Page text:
"Lived in his house during Springs and Winters, spending time on reading books, entertainments, riding a horse every day, even when the weather was terrible, together with his soldiers - mastering chasing the ring and other wartime excersises during those rides."

When in 1618 Tomasz Zamoyski arrived at the concentration area of the Polish army together with his private units:

"He frequently trained chasing the ring with them."

In 1619 in Kiev, Zamoyski organized large-scale military exercises for all soldiers in the area, which included competitions with prizes for the winners (among the prizes to win were various weapons, horses and other military stuff). Those exercises included both individual and unit (group) training and competitions.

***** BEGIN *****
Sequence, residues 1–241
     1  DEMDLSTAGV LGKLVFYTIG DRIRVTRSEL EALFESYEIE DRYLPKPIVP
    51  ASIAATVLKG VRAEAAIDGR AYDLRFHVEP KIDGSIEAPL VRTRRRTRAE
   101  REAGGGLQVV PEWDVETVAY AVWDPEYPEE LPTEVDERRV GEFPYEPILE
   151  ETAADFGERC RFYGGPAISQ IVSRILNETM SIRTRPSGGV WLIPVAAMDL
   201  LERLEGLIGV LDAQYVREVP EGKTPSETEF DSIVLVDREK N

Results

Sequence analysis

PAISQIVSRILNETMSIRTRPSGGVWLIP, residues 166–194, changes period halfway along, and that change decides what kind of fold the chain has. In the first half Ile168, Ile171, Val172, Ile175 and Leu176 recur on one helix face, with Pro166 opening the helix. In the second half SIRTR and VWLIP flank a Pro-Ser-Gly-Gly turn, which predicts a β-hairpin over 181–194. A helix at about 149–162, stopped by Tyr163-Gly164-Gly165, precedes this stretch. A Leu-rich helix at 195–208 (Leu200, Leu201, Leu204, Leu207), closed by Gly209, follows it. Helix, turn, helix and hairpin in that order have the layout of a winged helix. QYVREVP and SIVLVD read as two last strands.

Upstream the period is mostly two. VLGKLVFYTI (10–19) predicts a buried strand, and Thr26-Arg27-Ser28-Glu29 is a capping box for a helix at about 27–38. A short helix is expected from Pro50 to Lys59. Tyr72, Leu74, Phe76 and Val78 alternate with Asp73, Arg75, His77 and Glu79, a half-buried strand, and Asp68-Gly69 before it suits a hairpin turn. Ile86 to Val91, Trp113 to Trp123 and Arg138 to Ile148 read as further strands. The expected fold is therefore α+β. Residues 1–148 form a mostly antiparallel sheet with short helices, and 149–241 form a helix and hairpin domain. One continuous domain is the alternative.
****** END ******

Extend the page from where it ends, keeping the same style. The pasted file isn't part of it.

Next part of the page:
So there were prizes both for individual soldiers, and for entire units to win.

There were also tournaments similar to Medieval jousting. Some primary sources say, that Polish hussars sometimes liked to organize such tournaments with use of sharp weapons (rather than specially blunted).

Antonio Ansalone in 1629 in his work "Il cavaliere descritto in tre libri" admired the great skill of Polish soldiers in mounted exercises with various weapons. He described the technique of using lance in combat by Polish soldiers and he said that for them, tournaments were the substitute of warfare. He mentioned old-style jousting "across the fence" (campo aperto) originating from Poland (?) and resembling a bloody brawl with use of sharp lances. At that time everywhere else in Europe such fights were fought with use of blunted lances. According to Ansalone the Poles considered such horse races and fights not as entertainment but as a pretext for bloodshed and risking their lifes for no reason.